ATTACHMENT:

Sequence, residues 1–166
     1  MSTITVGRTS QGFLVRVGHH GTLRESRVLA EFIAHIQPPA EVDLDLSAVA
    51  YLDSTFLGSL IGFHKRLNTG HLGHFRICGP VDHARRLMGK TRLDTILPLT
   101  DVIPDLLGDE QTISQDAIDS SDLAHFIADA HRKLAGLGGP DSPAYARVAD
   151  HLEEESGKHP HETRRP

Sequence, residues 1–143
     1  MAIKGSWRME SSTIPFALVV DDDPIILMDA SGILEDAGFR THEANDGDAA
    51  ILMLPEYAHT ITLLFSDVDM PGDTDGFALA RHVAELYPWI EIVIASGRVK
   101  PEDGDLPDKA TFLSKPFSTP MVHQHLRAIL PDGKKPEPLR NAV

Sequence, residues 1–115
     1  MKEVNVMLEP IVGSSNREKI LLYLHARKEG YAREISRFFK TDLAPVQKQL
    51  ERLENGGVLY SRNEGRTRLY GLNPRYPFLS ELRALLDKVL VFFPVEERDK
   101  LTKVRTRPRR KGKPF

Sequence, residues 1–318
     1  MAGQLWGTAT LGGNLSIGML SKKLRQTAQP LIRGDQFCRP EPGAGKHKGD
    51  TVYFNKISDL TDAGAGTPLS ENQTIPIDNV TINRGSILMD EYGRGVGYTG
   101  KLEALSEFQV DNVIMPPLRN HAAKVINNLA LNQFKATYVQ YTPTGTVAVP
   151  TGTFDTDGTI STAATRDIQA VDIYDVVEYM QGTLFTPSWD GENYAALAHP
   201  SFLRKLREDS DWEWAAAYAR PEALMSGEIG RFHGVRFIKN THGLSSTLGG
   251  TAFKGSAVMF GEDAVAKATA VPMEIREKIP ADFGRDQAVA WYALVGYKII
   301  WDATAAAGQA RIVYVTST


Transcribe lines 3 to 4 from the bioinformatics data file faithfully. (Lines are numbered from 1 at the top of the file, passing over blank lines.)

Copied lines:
    51  YLDSTFLGSL IGFHKRLNTG HLGHFRICGP VDHARRLMGK TRLDTILPLT
   101  DVIPDLLGDE QTISQDAIDS SDLAHFIADA HRKLAGLGGP DSPAYARVAD